New app shows the need for professional advice when sleep issues happen, typically not during office hours.
The most common questions parents have about their children’s sleep problems are posed after office hours at night, according to a phone app developed by Johnson & Johnson, the baby products company.
Over three months, 365 users submitted a question to the “Ask the Expert” feature on the app for iPhone. Jodi Mindell, PhD and her team answer questions submitted to the app and respond within 48 hours. They found that 37 percent of questions are submitted between midnight and 6 a.m., while 22 percent inquire between 6 p.m. and midnight about children’s sleep problems.
“Times when professional help is typically not available,” observed Dr. Mindell, who also serves as psychology professor at St. Joseph’s University in Philadelphia and associate director of the Sleep Center at the Children’s Hospital of Philadelphia.
Most of the children with sleep problems — 68 percent — were between 3 months and 11 months. Twenty percent were toddlers age 12 months to 36 months. Twelve percent were newborns from birth to two months. Sixty-nine percent of the app users were mothers around age 28.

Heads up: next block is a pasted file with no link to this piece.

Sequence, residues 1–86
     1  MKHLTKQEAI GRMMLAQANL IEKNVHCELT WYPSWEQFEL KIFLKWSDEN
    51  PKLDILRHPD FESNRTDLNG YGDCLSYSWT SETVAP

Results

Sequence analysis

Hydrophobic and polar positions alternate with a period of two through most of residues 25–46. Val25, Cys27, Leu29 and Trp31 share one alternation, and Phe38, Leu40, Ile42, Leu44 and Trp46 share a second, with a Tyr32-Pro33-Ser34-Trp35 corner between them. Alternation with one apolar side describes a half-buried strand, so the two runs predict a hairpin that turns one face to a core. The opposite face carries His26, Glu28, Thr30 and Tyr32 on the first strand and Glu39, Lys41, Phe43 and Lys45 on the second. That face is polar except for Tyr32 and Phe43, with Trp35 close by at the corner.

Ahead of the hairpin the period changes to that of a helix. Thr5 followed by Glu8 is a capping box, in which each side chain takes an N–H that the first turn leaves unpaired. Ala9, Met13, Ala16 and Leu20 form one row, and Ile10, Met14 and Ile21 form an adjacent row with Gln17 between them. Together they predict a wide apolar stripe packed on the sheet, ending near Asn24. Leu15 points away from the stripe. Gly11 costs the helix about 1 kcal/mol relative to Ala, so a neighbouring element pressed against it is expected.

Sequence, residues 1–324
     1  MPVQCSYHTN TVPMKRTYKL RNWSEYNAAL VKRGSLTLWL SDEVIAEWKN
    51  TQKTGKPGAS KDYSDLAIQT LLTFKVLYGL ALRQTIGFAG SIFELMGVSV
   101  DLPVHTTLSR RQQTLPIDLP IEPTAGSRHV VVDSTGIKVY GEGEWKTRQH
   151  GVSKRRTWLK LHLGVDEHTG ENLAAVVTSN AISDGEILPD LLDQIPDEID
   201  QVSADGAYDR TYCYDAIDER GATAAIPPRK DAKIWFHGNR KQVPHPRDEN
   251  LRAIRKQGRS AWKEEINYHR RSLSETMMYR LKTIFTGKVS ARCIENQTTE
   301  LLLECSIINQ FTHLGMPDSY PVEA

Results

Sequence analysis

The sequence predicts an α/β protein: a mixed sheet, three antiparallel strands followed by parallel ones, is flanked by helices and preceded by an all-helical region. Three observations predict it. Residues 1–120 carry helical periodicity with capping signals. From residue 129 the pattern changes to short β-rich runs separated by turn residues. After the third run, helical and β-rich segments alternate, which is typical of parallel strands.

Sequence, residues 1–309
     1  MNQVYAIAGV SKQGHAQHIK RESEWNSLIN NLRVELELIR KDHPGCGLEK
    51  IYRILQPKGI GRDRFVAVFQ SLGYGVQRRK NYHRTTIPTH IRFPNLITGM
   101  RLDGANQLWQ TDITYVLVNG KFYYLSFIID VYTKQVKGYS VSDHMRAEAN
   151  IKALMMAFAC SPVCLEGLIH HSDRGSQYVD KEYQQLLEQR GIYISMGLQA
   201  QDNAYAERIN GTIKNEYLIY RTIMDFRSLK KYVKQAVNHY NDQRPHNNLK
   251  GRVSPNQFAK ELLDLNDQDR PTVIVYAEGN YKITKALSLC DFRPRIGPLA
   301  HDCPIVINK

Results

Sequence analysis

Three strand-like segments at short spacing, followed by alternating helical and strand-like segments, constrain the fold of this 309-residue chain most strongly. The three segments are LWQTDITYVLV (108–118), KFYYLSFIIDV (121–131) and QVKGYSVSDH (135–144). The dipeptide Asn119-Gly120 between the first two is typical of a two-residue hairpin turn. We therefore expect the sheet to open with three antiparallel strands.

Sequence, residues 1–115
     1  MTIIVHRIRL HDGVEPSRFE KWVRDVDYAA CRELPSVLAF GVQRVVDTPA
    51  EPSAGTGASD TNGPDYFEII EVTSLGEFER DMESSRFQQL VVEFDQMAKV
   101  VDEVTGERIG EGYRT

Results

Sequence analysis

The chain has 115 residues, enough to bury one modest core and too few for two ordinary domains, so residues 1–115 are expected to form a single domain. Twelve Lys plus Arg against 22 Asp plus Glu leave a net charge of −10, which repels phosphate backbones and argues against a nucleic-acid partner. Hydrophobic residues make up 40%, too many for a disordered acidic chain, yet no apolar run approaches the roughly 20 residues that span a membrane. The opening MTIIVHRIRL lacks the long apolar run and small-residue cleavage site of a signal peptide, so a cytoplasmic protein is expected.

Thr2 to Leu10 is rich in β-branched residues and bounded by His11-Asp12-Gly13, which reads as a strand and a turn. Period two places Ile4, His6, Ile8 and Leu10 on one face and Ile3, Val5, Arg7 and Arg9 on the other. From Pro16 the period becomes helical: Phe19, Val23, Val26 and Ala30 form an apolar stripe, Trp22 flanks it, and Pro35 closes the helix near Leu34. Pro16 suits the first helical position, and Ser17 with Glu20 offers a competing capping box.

Babies wake up naturally two to six times a night, Mindell said, and may be helped by “a consistent bedtime routine with a bath, changing into pajamas, and reading two stories, in the case of toddlers,” to help them fall back to sleep.
Mindell said users of Johnson’s Bedtime Baby Sleep app will be able to upload information in a few weeks about their child and receive a customized sleep analysis, including a sleep score and advice for improving their child’s sleep.
Though the iPhone application provided helpful information, it also highlighted the need for contact with health professionals. Mindell recommends that parents consult their pediatrician during office hours about any sleep problems their child may be experiencing, and discuss age-appropriate interventions.
She and her team presented the sleep results at the American Academy of Pediatrics National Conference in New Orleans. The study, “An iPhone Application for Infant and Toddler Sleep: Characteristics and Concerns of Users,” reviewed information from nearly 8,000 users who took advantage of a free app.
By Sharon Kay